“The Midlands are also particularly exposed to manufacturing, which could see job losses depending on the Brexit outcome.”
As a result, she expects prices to dip by 0.5% in the West Midlands and to fall by 1% in the East Midlands.
Adam Brewster, associate director at Strutt & Parker Market Harborough, is already seeing signs of a slowdown in the market, saying house price growth has recently plateaued and reductions have become more commonplace.
But he expects the market to bounce back in the second half of the year, once uncertainty over Brexit has cleared.
Property markets in the north of England are expected to be more buoyant than their southern counterparts during 2019.
House prices in the north east have only recently returned to their pre-financial crisis highs and they still have some catching up to do with the rest of the UK.
As a result, Hamptons International is expected property values in the region to rise by 1% in 2019, the highest level of growth it is predicting for any area.
But Beverage cautions that while it expects prices to rise by 7% in the coming three years, future growth will be dependent on some areas unlocking their potential through regeneration or infrastructure developments.
Price growth in other regions in northern England has been slowing in recent months.
This trend looks set to continue into next year, with Yorkshire and Humberside likely to see gains of 0.5%, while prices in the north west are expected to be flat.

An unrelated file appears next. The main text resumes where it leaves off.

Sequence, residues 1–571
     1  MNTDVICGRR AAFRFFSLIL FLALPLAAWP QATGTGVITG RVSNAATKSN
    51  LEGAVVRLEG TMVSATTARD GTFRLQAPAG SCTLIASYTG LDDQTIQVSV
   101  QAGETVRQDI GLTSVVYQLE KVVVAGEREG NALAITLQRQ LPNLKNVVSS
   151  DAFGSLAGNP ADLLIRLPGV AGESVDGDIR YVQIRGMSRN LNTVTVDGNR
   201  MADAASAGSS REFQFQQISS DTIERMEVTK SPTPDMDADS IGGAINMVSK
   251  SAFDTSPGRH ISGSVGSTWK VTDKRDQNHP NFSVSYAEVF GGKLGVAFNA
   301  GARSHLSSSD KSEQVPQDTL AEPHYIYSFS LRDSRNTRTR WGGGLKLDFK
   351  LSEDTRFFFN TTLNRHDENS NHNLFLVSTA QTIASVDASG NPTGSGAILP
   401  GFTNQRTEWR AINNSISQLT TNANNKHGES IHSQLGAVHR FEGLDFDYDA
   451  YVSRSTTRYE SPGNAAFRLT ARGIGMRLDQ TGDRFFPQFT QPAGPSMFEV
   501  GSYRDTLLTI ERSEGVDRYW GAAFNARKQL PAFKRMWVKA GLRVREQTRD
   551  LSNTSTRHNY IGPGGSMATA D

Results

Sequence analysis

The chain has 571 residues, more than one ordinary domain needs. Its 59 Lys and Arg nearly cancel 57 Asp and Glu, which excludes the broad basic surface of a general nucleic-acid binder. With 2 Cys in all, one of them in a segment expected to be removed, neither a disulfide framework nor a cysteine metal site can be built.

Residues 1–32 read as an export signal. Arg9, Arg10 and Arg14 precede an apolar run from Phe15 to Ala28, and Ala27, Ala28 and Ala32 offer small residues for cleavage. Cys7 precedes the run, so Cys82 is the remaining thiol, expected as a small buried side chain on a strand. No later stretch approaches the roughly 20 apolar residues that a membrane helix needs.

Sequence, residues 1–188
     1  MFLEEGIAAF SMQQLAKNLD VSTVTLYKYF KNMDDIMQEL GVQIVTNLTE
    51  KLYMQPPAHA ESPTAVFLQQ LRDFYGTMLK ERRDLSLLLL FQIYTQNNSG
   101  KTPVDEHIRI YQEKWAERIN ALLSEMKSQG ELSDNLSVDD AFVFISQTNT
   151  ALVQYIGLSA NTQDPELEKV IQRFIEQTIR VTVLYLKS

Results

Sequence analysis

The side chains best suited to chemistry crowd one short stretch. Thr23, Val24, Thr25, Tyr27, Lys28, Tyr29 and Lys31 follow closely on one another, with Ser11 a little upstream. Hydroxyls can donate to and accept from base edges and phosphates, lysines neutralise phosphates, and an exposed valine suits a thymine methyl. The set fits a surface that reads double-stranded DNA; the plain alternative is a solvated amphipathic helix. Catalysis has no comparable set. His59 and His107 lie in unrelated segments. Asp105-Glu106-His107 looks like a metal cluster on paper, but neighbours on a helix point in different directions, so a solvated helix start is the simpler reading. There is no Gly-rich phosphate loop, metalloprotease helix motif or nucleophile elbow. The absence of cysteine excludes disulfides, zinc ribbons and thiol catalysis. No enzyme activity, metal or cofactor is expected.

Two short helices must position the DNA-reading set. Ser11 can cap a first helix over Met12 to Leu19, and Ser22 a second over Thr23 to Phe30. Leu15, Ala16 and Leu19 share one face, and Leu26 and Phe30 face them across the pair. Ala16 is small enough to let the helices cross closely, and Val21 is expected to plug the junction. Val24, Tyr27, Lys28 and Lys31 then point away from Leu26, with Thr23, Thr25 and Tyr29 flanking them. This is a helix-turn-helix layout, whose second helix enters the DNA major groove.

Beverage says: “There is still capacity for household finances to stretch, and higher demand from landlords seeking the best yields should support demand.”
Donnell says: “In northern regions the housing cycle is reasonably strong but there are pockets where local economies are weak, and this is acting as a drag on price rises.”
Wales, Scotland and Northern Ireland
These regions were among the top performers in 2018 as house prices remained affordable in relation to local earnings.
Hamptons International expects Wales to see growth of 1% in 2019, while prices are expected to rise by 0.5% in Scotland.
Donnell adds that more affordable cities, such as Glasgow, could see increases in property values of 5% next year.
RICS is also expecting prices in these regions to continue increasing regions.
Parsons says: “Survey participants in Northern Ireland, Wales and Scotland continue to return firmly positive projections, implying price growth will retain solid momentum over the year ahead.”
Sales are also expected to be buoyant in Northern Ireland, although they are likely to be more subdued in Scotland and Wales.